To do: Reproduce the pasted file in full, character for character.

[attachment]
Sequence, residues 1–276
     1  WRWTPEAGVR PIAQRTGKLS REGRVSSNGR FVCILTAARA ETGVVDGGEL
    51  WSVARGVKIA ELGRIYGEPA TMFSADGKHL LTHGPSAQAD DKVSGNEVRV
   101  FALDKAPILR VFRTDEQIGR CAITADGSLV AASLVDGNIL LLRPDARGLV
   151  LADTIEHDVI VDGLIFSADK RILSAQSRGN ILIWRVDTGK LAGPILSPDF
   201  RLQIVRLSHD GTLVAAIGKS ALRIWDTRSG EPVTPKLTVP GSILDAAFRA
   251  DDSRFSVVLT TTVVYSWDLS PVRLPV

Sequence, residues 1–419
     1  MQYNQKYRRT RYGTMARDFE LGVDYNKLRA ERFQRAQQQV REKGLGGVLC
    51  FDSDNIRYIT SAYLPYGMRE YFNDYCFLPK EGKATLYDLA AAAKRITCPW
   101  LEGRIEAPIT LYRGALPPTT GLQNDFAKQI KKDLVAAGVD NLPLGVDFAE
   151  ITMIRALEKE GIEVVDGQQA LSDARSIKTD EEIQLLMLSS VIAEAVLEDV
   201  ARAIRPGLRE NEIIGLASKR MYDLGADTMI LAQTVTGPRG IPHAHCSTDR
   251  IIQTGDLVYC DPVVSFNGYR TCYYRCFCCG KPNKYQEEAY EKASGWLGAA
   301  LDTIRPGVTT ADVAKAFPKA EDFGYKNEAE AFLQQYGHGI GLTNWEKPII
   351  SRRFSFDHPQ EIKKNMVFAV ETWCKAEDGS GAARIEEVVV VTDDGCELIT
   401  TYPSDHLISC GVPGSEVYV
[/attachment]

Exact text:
Sequence, residues 1–276
     1  WRWTPEAGVR PIAQRTGKLS REGRVSSNGR FVCILTAARA ETGVVDGGEL
    51  WSVARGVKIA ELGRIYGEPA TMFSADGKHL LTHGPSAQAD DKVSGNEVRV
   101  FALDKAPILR VFRTDEQIGR CAITADGSLV AASLVDGNIL LLRPDARGLV
   151  LADTIEHDVI VDGLIFSADK RILSAQSRGN ILIWRVDTGK LAGPILSPDF
   201  RLQIVRLSHD GTLVAAIGKS ALRIWDTRSG EPVTPKLTVP GSILDAAFRA
   251  DDSRFSVVLT TTVVYSWDLS PVRLPV

Sequence, residues 1–419
     1  MQYNQKYRRT RYGTMARDFE LGVDYNKLRA ERFQRAQQQV REKGLGGVLC
    51  FDSDNIRYIT SAYLPYGMRE YFNDYCFLPK EGKATLYDLA AAAKRITCPW
   101  LEGRIEAPIT LYRGALPPTT GLQNDFAKQI KKDLVAAGVD NLPLGVDFAE
   151  ITMIRALEKE GIEVVDGQQA LSDARSIKTD EEIQLLMLSS VIAEAVLEDV
   201  ARAIRPGLRE NEIIGLASKR MYDLGADTMI LAQTVTGPRG IPHAHCSTDR
   251  IIQTGDLVYC DPVVSFNGYR TCYYRCFCCG KPNKYQEEAY EKASGWLGAA
   301  LDTIRPGVTT ADVAKAFPKA EDFGYKNEAE AFLQQYGHGI GLTNWEKPII
   351  SRRFSFDHPQ EIKKNMVFAV ETWCKAEDGS GAARIEEVVV VTDDGCELIT
   401  TYPSDHLISC GVPGSEVYV